The very start of my relationship with any new client begins with a phone consultation. This is the time where we talk about the client’s project, what area of the home is suffering the most, what the client’s goals are and what level of clutter is plaguing them. I lay out my methods and we agree on an appointment date and time and go from there. When I get to the part about their “level of clutter”, I always politely but directly asking them if they’re a hoarder. As discussed in a previous post, hoarding is not my area of specialty.
I recently had a new client referred to me by a friend. “You’ll love her, she’s so lovely and sweet, one of my favorite people.” When we had our phone consultation, the client proclaimed over and over again about how embarrassed and stuck she was feeling. I asked her if she was able to move about her home freely or if clutter was blocking any necessary entrances, windows or the use of furniture. She said that she was able to move around. We set a time and she told me how relieved she was to even just set up the appointment to finally tackle the mess.
Before arriving at her apartment, I didn’t know what to expect: she claimed she was messy and bogged down by clothing but she didn’t sound like a hoarder. She opened the door and I was greeted by a petite older woman, neatly dressed inviting me into a beautiful, expansive loft with high ceilings and, to my eye, not one ounce of clutter. After she offered me tea, I asked her to show me her bedroom (where her clothing “problem” lived). She opened her closet and, to my amazement, everything was arranged perfectly, not one piece of clothing was on the floor or stuffed onto a shelf, her five pairs of shoes were neatly lined up on the floor, the hangers were all lined in the same direction, there was room to move each item on the clothing rod.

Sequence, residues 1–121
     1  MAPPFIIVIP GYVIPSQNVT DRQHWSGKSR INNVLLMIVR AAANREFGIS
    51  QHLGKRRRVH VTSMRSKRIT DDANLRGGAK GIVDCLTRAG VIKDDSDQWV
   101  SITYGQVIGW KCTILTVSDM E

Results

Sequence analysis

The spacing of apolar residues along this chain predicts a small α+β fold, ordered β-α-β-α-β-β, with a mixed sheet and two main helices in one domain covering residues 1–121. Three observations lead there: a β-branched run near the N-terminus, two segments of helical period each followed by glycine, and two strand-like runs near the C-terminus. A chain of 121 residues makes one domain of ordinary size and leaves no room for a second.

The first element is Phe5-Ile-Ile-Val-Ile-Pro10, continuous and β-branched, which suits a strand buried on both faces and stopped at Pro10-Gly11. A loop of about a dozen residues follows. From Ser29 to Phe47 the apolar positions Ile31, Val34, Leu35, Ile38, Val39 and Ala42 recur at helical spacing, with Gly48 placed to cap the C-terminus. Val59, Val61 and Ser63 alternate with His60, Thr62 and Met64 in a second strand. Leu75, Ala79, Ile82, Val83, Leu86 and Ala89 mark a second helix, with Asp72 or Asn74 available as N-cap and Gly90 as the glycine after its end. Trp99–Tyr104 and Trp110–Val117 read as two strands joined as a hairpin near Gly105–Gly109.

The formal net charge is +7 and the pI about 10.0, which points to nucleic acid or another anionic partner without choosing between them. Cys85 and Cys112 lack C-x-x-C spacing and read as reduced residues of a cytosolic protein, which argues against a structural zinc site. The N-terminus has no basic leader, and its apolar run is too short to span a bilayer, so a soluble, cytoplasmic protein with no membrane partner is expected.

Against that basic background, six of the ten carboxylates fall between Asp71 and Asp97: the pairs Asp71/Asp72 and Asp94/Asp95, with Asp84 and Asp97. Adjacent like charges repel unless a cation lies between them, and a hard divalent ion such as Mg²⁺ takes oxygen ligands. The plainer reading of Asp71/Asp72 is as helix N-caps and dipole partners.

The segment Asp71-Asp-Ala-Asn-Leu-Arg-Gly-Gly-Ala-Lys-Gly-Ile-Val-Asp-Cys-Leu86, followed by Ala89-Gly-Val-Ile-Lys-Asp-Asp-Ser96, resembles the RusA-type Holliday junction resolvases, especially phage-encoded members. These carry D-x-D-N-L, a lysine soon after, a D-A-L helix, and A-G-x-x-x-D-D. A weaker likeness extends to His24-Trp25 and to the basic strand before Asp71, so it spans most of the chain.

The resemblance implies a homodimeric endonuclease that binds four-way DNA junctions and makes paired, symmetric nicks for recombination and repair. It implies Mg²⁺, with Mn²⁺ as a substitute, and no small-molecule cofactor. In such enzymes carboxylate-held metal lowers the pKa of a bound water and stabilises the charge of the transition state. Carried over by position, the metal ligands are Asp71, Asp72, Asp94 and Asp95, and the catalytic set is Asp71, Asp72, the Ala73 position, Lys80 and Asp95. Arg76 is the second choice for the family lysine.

I had to be completely honest. “I’m a bit baffled, where is your issue?” She told me she had too many pants and I suggested we start going through her items. We discussed each piece, she tried on the questionable ones and I encouraged her, gave my advice and “granted her permission” to donate the items she no longer liked. After two hours, we had filled a garbage bag with pants, sweaters, some costume jewelry and expired make-up from her vanity. The client could not stop thanking me and was so grateful to have that task completed. After she assured me that the session was of huge value to her, my normally 3-hour long appointment was cut down to 2.5 hours, we had a warm hug and I went out into the morning sunshine feeling productive and of service. This client taught me a valuable lesson: clutter does not have to be an obviously overwhelming mountain to someone else, it’s what the clutter represents to the individual. This lovely client was bogged down by having too many pairs of black pants and needed some help. It was not my job to diagnose if she needed my help or not because from her standpoint, she did need help. I felt grateful for the new perspective, which is what organizing is all about.